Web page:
Still, they can’t use that trick any more. In response, shortly afterwards, the banks added fees for debit card accounts, and so on and so forth, in an attempt to claw that profit back again. A lot of people revolted, closed their accounts, and opened one with a credit union. I can highly recommend the credit union approach; they seem a lot less sneaky – so far.
AT&T Could Fix This Problem… If They Didn’t WANT You To Go Over
There is absolutely no technical reason whatsoever that AT&T can’t shut off your data-usage once it goes past the end of your plan. It’s a business reason. AT&T want you to go over the end of your plan so that you incur large overage fees. That IS their business model.
As I said earlier, it’s a complete lie that Smartphones need to have a 24/7 data plan to “receive updates”. Trust me on this one; I’m a software engineer. Does it become kind of a doorstop? Yes, kind-of. It turns back into a regular phone – unless you log in over Wi-Fi, which a lot of people do. (I do it whenever I travel internationally – I just turn off my cellular data, rather than incurring extremely exorbitant international roaming data charges). You can still send text messages. You can still receive phone calls. You can’t surf the web, or post to Facebook – but you’ve still got a copy of your phone book on the system.
AT&T will not help you protect your wallet if you buy your child a phone – that isn’t their business model either.
Here’s your key takeaways from all of this:
- AT&T will not stop your child from using phone upgrades all by themselves. They’re supposed to verify with the billing account holder, and that also requires providing the last 4 digits of your social security number. Except my daughter was able to get a brand new phone, complete with 2 more years of contractattached to the line. This is ridiculous. AT&T, it appears, has never heard of identity theft.
- There is no way to stop from going over the limits on a data plan on the AT&T service. Sorry, but if you use more data, expect to get charged $20. And try to smile while they do it.
- AT&T Smart Limits do not work on the majority of phones that AT&T sell. Their retail store guys don’t know this – and it’s not their fault. There’s a reasonable expectation that if they sell a service to limit phone use, it would actually limit phone use. Because anything else is ridiculous.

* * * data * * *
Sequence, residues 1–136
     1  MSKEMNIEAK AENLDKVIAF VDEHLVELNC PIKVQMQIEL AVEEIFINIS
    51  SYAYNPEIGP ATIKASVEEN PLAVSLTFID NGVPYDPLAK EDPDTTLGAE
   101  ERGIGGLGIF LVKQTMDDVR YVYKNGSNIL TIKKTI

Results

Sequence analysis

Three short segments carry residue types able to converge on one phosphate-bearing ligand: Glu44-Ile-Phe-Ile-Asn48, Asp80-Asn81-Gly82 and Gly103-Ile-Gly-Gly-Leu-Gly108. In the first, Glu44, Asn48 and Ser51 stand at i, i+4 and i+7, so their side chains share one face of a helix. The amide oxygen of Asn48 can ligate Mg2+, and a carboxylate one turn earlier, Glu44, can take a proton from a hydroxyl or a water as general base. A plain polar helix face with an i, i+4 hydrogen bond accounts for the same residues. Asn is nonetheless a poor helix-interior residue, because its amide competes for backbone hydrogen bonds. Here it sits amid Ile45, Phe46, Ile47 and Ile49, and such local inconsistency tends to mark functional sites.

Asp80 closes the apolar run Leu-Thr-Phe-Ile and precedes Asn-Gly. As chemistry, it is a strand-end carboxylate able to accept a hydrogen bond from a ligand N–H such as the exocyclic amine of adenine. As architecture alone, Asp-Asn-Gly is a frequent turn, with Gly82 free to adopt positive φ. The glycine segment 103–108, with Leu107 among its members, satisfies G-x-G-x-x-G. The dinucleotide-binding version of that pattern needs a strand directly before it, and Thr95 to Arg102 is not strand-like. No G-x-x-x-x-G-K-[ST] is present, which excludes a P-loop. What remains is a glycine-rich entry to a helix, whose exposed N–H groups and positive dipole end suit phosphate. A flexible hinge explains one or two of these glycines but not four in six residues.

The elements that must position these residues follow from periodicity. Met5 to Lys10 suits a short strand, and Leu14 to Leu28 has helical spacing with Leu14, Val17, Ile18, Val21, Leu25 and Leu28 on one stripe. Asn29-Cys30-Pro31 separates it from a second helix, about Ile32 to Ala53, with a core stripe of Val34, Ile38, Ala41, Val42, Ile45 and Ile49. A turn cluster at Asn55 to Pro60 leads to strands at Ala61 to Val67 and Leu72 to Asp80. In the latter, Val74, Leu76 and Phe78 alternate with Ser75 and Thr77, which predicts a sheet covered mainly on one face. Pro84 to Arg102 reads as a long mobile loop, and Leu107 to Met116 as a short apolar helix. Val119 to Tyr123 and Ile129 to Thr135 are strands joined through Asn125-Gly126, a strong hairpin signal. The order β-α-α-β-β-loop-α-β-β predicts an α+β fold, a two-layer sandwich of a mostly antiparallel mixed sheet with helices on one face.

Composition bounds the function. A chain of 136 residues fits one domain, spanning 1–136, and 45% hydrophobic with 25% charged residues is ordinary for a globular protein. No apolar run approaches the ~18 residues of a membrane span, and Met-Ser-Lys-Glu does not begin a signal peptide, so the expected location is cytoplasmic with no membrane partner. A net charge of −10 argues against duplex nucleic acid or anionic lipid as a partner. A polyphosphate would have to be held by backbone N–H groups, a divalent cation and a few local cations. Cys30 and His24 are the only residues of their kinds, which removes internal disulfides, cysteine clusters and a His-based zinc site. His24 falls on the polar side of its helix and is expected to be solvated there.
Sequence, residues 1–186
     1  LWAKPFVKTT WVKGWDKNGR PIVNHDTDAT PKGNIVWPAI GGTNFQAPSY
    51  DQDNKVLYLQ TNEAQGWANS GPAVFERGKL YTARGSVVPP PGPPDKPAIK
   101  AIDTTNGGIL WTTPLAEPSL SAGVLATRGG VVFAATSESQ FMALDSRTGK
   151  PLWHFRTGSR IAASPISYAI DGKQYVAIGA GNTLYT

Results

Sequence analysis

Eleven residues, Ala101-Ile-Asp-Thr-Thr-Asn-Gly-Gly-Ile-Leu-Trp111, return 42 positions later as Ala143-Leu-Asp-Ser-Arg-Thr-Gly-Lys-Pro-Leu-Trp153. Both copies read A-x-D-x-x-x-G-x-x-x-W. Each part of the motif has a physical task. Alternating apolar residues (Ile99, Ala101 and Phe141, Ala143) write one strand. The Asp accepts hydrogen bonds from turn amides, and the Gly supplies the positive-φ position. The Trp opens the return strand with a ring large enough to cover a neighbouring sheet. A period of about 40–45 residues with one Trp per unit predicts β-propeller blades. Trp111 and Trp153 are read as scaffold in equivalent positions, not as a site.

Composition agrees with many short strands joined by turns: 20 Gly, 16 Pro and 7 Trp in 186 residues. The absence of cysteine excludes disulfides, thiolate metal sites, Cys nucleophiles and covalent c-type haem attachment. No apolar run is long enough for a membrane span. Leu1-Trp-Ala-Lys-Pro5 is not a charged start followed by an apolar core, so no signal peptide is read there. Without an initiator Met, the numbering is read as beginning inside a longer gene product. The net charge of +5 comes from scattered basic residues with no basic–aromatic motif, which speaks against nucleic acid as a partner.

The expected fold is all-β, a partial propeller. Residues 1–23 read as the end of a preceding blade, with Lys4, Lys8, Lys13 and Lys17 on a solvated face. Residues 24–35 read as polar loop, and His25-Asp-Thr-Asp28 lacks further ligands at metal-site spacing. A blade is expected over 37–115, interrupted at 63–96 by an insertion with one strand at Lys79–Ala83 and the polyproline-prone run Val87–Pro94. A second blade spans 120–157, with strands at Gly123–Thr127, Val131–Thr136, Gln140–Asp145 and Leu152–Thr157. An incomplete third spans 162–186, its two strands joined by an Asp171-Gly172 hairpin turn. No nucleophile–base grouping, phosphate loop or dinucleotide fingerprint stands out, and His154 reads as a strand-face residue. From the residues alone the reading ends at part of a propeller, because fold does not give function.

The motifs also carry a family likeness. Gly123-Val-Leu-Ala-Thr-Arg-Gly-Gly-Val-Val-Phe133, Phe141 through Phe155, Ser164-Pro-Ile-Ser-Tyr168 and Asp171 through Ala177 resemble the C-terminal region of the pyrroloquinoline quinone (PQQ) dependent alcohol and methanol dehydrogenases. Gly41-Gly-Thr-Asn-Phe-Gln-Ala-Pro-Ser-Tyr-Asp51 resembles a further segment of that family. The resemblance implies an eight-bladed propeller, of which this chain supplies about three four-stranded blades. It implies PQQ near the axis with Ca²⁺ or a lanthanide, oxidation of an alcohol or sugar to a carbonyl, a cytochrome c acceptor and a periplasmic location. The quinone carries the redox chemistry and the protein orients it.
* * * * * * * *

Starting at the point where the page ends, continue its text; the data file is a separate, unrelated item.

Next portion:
- AT&T want you to go over your data plan, because they can charge you lots of fees
- There is no technical reason why a smartphone needs to be connected to cellular data at all times. They function great with Wi-Fi if you run out of data allowance.
- There is no technical reason why AT&T couldn’t just shut off your cellular data plan when it runs out, and let you send a text message to buy another chunk of allowance. That would be opt-in, and fair.In short, don’t buy a phone for your child if you’re with AT&T. Because you’re just asking for trouble.This is the same trick that the banks were trying. We stopped them. We can stop AT&T from doing this too.Please share this link with your friends on Facebook and Twitter. It would be great if we could get them to stop playing shenanigans like this. And the opt-in overage system still allows them their business model – it just makes it fairer, like we did with the banks.
Simon Cooke is an occasional video game developer, ex-freelance journalist, screenwriter, film-maker, musician, and software engineer in Seattle, WA.
The views posted on this blog are his and his alone, and have no relation to anything he's working on, his employer, or anything else and are not an official statement of any kind by them (and barely even one by him most of the time).